See All Chapters
Medium 9780253000958

Beauty

Scott Russell Sanders Indiana University Press ePub

In memory, I wait beside Eva in the vestibule of the church to play my bit part as father of the bride. She is supposed to remain hidden from the congregation until her queenly entrance, but in her eagerness to see what’s going on up front she leans forward to peek around the edge of the half-closed door. The satin roses appliquéd to her gown catch the light as she moves, and the toes of her pale silk shoes peep out from beneath the hem. The flower girls watch her every motion. Twins a few days shy of their third birthday, they flounce their unaccustomed frilly skirts, twirl their bouquets, and stare with wide eyes down the great length of carpet leading through the avenue of murmuring people.

Eva hooks a hand on my elbow while the three bridesmaids fuss over her, fixing the gauzy veil, spreading the long ivory train of her gown, tucking into her bun a loose strand of hair, which glows the color of honey filled with sunlight. Clumsy in my rented finery—patent leather shoes that are a size too small and starched shirt and stiff black tuxedo—I stand among these gorgeous women like a crow among doves. I realize they are gorgeous not because they carry bouquets or wear silk dresses, but because the festival of marriage has slowed time down until any fool can see their glory.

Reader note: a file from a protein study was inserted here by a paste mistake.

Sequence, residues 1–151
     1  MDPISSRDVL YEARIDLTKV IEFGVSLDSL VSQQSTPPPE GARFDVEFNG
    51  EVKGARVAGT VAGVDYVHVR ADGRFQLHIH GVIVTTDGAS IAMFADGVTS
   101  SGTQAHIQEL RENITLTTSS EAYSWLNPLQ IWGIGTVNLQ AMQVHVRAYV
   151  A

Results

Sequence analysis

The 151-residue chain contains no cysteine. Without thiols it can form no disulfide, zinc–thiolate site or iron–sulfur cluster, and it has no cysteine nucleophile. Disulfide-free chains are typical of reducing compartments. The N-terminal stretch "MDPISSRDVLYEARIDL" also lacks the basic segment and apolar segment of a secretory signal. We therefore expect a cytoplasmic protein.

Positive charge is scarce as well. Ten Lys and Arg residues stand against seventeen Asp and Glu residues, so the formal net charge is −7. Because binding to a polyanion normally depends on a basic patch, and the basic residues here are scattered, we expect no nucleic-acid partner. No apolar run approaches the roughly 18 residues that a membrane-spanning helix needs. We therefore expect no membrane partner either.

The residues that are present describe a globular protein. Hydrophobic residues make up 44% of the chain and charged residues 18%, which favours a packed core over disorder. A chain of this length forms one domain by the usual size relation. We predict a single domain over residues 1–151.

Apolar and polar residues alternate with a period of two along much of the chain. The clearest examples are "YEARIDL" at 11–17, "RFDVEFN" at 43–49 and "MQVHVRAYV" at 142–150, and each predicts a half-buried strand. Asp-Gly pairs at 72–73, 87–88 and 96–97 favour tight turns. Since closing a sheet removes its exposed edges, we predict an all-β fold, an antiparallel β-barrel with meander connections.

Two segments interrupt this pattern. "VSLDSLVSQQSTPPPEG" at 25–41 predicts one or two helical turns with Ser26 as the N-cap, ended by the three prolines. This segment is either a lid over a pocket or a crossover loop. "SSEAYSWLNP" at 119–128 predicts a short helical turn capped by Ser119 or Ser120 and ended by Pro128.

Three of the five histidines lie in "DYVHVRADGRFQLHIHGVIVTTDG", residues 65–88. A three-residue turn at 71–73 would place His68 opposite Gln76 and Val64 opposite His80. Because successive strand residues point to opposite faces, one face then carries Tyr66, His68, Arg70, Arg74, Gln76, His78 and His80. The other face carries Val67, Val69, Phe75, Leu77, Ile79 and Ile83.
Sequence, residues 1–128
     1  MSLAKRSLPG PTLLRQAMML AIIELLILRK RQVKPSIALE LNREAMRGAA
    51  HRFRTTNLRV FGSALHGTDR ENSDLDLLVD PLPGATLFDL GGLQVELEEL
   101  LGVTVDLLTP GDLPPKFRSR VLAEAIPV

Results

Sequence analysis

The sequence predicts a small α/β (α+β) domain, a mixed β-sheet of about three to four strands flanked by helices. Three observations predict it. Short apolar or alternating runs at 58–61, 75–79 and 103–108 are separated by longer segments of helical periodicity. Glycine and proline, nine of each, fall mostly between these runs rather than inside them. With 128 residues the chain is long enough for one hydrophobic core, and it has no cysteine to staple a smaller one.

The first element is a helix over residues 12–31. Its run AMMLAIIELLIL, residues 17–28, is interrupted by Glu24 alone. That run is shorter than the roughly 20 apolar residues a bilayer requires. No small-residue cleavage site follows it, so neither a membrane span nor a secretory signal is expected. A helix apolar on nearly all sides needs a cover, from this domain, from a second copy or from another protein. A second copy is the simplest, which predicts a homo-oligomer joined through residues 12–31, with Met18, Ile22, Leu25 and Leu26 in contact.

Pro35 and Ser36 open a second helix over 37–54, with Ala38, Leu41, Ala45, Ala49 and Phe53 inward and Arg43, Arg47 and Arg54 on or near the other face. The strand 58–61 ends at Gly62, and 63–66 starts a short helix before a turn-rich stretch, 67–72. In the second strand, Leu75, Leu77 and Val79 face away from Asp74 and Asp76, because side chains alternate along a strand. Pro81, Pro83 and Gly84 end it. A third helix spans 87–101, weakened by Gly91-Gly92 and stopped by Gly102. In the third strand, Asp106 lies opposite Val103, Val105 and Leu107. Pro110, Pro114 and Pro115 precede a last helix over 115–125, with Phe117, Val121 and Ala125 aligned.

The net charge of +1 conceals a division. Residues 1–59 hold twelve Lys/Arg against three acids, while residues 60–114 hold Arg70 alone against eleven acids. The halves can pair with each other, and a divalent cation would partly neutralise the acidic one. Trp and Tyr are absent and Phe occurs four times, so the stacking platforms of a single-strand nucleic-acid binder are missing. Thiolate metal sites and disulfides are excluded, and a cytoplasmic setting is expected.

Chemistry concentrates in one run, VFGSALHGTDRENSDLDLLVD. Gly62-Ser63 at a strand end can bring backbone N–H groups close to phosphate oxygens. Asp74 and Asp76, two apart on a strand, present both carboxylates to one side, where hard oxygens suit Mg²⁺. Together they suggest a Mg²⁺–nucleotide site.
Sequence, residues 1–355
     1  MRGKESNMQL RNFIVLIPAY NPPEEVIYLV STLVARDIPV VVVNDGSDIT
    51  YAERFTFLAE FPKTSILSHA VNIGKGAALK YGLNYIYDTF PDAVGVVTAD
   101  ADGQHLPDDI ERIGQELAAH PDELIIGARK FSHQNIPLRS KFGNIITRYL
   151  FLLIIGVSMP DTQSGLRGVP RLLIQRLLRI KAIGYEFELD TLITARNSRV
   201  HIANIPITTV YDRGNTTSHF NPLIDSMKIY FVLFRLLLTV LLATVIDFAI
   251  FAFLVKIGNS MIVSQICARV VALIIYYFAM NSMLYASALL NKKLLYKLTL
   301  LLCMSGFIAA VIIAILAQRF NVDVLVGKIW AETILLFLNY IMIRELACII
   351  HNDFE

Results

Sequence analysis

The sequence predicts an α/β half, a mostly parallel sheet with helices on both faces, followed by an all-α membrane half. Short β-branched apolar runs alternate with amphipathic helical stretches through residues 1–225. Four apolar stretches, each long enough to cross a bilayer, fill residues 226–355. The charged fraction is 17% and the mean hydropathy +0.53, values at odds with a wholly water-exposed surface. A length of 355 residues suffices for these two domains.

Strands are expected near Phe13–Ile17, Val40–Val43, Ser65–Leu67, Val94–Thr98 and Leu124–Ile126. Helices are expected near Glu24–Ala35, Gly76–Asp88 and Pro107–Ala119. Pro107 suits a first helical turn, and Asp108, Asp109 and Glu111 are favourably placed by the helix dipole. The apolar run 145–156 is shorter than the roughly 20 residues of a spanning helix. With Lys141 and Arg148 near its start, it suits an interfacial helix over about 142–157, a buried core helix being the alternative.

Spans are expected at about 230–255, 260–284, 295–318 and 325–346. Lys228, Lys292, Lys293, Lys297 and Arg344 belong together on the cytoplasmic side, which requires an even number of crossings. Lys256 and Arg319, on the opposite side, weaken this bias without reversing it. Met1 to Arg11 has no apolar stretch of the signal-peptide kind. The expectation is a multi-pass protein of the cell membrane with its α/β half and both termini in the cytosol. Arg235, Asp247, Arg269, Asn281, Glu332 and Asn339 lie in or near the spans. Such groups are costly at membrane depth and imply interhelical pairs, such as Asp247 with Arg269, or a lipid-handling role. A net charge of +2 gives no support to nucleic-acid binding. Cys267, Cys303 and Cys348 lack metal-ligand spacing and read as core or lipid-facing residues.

See All Chapters
Medium 9780253329561

Chapter Twenty-One

Scott Russell Sanders Indiana University Press ePub

Patience, patience, Teeg kept reminding herself. You have waited seventeen years, you can wait a few days longer. But she grew more and more edgy as the trip to Portland was delayed, first by rainy weather, then by a series of mishaps at Jonah Colony. While testing dirt samples, Indy cut a finger and fell ill with blood poisoning. She had no sooner recovered than Jurgen came down with a fever, broke out in a rash, and spent three days writhing on his sleepcushion while Hinta and two helpers pinned him down. Soon after his fever broke, Arda discovered all the bluegill floating belly-up in the fish-tanks, casualties of some chemical imbalance, and several people had to go out hunting for wild stock to replace them.